# Standing Waves

## Homework Statement

What is the maximum displacement of a particle at x=0.5 cm
The equation for the resulting standing wave: y(x,t)= 4sin(1.26x)cos(50.27t) cm.

## The Attempt at a Solution

Like the answer tells me that 4sin(1.26*0.5)=ymax but i'm not sure why we would disregard the cos(50.27t) part...does it have to do with the antinode and node idea because in my book it says that antinodes occurs wherever sink=(plus minus)1...any clarification would be much appreciated

berkeman
Mentor

## Homework Statement

What is the maximum displacement of a particle at x=0.5 cm
The equation for the resulting standing wave: y(x,t)= 4sin(1.26x)cos(50.27t) cm.

## The Attempt at a Solution

Like the answer tells me that 4sin(1.26*0.5)=ymax but i'm not sure why we would disregard the cos(50.27t) part...does it have to do with the antinode and node idea because in my book it says that antinodes occurs wherever sink=(plus minus)1...any clarification would be much appreciated

As t varies, what is the maximum value of cos(50.27t)?

As t varies, what is the maximum value of cos(50.27t)?

Well i suppose that we're not given t so do we ignore it?

Redbelly98
Staff Emeritus
Homework Helper
No, we don't ignore t. We allow t to have any value possible.

And so the maximum value of cos(50.27t) is ???

No, we don't ignore t. We allow t to have any value possible.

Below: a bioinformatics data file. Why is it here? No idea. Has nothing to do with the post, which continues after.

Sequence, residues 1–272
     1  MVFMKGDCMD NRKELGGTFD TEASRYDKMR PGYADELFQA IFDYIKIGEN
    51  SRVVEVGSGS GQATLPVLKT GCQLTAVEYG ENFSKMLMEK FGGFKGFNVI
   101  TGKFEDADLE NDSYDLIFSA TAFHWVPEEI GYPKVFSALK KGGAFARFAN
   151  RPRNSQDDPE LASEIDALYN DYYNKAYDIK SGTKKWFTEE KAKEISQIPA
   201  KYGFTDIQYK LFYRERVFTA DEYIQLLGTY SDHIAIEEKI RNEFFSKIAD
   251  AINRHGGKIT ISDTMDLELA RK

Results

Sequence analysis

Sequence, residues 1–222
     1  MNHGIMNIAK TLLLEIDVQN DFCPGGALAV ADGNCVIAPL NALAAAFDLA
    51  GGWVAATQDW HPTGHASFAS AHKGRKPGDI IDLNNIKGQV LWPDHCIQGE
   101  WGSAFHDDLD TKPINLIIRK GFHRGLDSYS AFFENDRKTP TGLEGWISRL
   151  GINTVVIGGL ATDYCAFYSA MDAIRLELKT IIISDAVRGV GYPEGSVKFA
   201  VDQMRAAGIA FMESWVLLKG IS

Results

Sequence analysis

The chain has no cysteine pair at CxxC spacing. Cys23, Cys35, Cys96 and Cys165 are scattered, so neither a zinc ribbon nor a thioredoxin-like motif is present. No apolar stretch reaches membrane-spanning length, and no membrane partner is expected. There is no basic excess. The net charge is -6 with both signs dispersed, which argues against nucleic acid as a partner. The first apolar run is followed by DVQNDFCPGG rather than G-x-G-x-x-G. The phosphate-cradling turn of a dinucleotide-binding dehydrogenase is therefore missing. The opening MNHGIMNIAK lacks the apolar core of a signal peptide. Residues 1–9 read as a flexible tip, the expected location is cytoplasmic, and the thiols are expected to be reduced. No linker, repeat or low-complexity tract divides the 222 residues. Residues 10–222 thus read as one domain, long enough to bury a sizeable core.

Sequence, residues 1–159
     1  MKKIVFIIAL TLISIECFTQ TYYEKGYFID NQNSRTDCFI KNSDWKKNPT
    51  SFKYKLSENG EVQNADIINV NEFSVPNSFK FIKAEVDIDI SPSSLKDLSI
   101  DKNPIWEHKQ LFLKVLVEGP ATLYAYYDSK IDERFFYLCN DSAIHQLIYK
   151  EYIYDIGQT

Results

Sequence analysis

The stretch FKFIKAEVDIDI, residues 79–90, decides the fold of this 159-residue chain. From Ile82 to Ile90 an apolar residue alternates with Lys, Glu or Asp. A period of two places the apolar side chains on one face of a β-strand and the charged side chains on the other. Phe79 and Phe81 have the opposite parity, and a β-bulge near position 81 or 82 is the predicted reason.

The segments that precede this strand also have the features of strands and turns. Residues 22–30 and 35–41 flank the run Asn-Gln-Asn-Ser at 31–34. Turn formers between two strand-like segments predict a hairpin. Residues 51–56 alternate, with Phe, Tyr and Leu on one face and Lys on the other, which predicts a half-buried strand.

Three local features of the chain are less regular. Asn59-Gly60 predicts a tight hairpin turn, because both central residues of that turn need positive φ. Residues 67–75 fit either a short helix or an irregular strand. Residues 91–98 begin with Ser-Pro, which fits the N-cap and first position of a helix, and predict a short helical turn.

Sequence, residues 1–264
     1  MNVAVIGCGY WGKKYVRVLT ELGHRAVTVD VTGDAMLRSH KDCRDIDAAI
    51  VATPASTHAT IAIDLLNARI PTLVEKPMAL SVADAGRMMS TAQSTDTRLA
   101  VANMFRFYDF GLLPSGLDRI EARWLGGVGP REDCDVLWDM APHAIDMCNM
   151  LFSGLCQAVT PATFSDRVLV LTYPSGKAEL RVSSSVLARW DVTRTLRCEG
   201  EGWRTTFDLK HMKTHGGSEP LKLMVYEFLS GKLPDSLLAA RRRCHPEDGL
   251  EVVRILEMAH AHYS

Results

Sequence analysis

And so the maximum value of cos(50.27t) is ???

ummm the amplitude?

Ouabache
Homework Helper
ummm the amplitude?

The amplitude will vary depending on what you choose for t.
How about plugging in a range of values for t in cos(50.27t) and plot your results? Does it have a maximum?

CompuChip
Homework Helper
The amplitude will vary depending on what you choose for t.
How about plugging in a range of values for t in cos(50.27t) and plot your results? Does it have a maximum?

Well, actually lha is right in this one... the amplitude is the maximum value attained over all t and therefore does not depend on t. The point we're trying to get across, lha, is that you want the maximum value of
y(t) = 4sin(1.26*0.5)cos(50.27t).

The way we like to do that is by forgetting about the 4 sin(...) part in front, and just looking at the cosine. Where the cosine is at its maximum, so is y(t) (for example, if the cosine takes the value 10 somewhere and is smaller everywhere, then if you multiply it by 4 sin(1.26*0.5) you will get something which takes the value 4*sin(1.26*0.5)*10 somewhere and is smaller everywhere).

Ouabache